Johanna Spyri's Heidi and Me
When I was a kid, I had a record of the story Heidi.
I should really just start a whole longstanding series called "When I Was A Kid", because half of the crap I write starts off with those five words. If white, suburban childhoods of depressed, schizo-affective gender-queers are popular right now, I could make a mint.
When I was a kid, I had a vinyl record of Johnanna Spyri's story, Heidi. (I threw "vinyl" in there to clarify "record", because I am starting to feel that I sometimes sound like my grandfather when he would use a word like "stoneboat" and then not bother to clue in the young'uns as to what the hell such a thing was). I had already read the book, which was a musty, yellowed copy with gold leaf on the spine from my mother's childhood library, but I do not remember much of the story past the middle, because I read the first half several times in my effort to finish the damn thing.
I had a problem with Heidi. I found her intensely difficult to like. Even I, a child who drew up elaborate fantasies of kidnappings and parental death and natural catastrophes, could not feel any sympathy for the complete tragedy that was her life. In fact, I came to want bad things to happen to her.
Since I was raised a pacifist, I felt terribly guilty about my Heidi hate. I knew that she was a tragic character who was being unfairly tossed from situation to situation and that it was even more unfair of me to hate her for her seeming helplessness, but really? All that just fueled me on. Not only did I not like her, but I felt guilt about not liking her and hated her more for the guilt she inspired. That all added up to my being even more disgusted at this wet kleenex of a character.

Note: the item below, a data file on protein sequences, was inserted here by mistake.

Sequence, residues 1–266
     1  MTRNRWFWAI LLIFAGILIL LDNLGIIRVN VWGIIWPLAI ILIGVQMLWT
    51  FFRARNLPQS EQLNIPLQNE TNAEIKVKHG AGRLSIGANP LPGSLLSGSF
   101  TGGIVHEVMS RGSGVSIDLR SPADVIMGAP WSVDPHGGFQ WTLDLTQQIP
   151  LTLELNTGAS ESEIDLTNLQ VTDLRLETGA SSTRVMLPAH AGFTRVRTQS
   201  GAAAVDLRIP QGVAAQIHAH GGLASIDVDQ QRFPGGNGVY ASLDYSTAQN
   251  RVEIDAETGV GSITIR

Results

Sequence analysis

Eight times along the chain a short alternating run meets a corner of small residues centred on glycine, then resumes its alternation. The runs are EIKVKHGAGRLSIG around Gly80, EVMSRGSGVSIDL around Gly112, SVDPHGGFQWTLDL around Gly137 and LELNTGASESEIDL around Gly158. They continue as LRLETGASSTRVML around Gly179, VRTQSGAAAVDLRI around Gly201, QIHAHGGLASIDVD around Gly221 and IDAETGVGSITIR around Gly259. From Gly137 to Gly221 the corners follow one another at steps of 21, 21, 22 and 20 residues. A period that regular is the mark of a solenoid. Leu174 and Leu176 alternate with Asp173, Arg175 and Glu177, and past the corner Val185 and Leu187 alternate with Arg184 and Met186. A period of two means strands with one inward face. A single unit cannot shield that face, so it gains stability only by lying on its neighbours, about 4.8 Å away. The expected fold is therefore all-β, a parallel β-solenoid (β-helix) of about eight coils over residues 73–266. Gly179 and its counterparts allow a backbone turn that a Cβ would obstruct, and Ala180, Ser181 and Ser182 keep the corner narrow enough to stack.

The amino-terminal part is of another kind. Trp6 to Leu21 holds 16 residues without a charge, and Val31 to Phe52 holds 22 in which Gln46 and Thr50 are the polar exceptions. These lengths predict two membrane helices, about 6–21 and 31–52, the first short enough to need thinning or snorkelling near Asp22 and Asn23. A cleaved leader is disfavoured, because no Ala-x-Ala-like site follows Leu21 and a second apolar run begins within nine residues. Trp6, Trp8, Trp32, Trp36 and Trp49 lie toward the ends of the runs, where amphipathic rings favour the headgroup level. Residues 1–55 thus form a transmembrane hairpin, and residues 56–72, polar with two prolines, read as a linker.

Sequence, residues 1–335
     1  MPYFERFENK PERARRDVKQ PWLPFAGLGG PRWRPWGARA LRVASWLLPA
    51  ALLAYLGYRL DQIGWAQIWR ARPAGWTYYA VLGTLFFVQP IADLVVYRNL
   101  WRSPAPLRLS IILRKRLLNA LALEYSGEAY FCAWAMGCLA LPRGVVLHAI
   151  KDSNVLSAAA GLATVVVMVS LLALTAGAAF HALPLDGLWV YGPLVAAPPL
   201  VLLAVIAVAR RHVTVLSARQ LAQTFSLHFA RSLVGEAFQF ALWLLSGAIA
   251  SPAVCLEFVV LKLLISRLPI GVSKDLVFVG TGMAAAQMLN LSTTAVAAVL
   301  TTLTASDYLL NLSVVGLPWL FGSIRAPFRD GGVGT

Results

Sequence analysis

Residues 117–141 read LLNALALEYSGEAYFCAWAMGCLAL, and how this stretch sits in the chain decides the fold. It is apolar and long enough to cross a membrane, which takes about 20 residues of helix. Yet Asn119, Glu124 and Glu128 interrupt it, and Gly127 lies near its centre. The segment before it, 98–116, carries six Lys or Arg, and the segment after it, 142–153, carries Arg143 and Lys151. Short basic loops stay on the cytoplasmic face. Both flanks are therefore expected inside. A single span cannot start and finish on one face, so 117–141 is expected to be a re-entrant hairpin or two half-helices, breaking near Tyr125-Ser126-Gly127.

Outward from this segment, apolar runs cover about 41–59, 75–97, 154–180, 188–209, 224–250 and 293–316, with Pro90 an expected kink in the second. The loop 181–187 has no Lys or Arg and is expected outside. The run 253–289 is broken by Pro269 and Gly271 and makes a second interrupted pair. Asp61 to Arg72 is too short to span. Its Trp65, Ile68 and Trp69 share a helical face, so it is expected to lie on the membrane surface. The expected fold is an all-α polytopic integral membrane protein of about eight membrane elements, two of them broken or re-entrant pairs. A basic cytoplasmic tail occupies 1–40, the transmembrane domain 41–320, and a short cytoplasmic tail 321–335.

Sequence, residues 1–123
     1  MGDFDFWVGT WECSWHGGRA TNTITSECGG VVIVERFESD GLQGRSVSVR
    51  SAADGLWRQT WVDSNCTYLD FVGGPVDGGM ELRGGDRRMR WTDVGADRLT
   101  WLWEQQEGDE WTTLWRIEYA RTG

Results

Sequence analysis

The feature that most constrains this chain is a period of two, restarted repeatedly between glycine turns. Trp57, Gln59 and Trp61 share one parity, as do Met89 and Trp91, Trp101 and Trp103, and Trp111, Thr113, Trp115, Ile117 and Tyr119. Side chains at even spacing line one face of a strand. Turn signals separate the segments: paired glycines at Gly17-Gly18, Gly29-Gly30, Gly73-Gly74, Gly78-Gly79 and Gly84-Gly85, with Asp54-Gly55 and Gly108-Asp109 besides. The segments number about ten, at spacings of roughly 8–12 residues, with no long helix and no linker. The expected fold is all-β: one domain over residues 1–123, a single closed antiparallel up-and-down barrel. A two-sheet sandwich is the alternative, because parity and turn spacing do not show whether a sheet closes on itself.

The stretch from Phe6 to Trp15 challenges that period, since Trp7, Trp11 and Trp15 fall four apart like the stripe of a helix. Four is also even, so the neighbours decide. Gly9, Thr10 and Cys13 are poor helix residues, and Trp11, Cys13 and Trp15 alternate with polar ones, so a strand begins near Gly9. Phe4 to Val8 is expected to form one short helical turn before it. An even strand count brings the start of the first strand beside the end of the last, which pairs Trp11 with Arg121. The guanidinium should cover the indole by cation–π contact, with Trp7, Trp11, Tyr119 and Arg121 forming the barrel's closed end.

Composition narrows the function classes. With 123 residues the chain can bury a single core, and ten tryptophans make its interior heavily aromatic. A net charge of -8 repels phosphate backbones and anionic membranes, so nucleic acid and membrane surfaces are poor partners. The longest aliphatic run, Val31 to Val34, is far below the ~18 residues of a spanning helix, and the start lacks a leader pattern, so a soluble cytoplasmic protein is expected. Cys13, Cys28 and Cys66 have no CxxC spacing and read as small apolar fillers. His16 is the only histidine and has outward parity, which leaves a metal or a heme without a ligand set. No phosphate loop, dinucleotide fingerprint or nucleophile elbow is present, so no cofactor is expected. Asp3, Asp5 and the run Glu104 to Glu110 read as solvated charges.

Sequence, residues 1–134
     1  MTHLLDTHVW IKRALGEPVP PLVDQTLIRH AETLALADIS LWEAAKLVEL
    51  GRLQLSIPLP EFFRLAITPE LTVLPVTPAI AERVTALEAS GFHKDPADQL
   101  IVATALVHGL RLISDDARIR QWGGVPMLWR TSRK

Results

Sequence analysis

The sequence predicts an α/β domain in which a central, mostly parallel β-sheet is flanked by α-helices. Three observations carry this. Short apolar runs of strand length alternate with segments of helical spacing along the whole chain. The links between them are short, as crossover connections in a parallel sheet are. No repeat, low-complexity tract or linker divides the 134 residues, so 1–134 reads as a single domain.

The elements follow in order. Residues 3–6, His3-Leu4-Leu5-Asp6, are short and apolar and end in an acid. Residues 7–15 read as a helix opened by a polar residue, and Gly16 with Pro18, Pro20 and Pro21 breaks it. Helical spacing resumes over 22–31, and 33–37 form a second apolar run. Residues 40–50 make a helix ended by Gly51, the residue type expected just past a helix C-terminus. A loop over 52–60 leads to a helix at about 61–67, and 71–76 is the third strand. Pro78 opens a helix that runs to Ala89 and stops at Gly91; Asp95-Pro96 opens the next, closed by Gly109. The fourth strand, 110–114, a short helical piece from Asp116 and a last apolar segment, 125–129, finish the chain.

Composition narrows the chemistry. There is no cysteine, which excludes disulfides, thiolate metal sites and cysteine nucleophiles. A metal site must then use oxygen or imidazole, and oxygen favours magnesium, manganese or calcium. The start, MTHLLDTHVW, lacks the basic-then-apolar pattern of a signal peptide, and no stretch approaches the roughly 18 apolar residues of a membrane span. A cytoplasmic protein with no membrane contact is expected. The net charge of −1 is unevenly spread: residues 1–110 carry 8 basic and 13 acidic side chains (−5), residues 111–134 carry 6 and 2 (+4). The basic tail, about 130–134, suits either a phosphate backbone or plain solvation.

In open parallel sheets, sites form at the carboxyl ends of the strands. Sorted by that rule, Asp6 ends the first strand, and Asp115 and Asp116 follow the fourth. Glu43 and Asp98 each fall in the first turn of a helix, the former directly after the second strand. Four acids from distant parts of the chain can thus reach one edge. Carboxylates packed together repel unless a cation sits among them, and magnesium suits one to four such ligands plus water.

Maybe it was part of my process of learning passionate emotions and how to deal with them, but I became obsessed with the vinyl record version of the story, and in particular, the part of the story during which Heidi's stress drives her to sleepwalk off the end of a dock. The voice of Heidi on the record was obviously done by an adult in a ridiculous falsetto, so, on top of her annoying perpetual tragedy, she sounded like a pubescent Mickey Mouse.
At one point in the story, she sleepwalks down a hill to a dock over the lake. Her guardians are there but will not stop her, because it is more important to let a sleepwalker nearly drown herself than it is to attempt to save her life, don't you know. I always hoped that she would walk off the end and drown, but, much to my disappointment, someone always stepped in to stop her. What saved the scene for me was the ludicrous scream that would erupt just before Heidi was to possibly meet with a mortal end, and it became my thing for a while to play that scene over so I could hear her scream and then lift the record player needle just before she was saved so that I could imagine her drowning in an icy mountain lake in the middle of the night.
I was such a sweet child.
The satisfaction that would well up inside me each time I lifted the needle post-scream was very nearly perverse, and someone in my house must have picked up on it, because that record disappeared shortly thereafter.
What sparked this memory is a recurring dream that I have had for three nights running. It is in drawn pictures much like what you would find in old Dick and Jane readers, only with more colour in the background, and it looks as though I am flipping through pages so that the images move but are jerky. In the dream, a blonde little girl wanders down a hill, trips over a rock, and rolls head-over-heels into deep water and drowns. As soon as the little girl hits the water, I can hear my own voice laughing heh, heh, heh to myself, as though everything has gone according to plan.
Frankly, I think Heidi and I have some work to do on our relationship.
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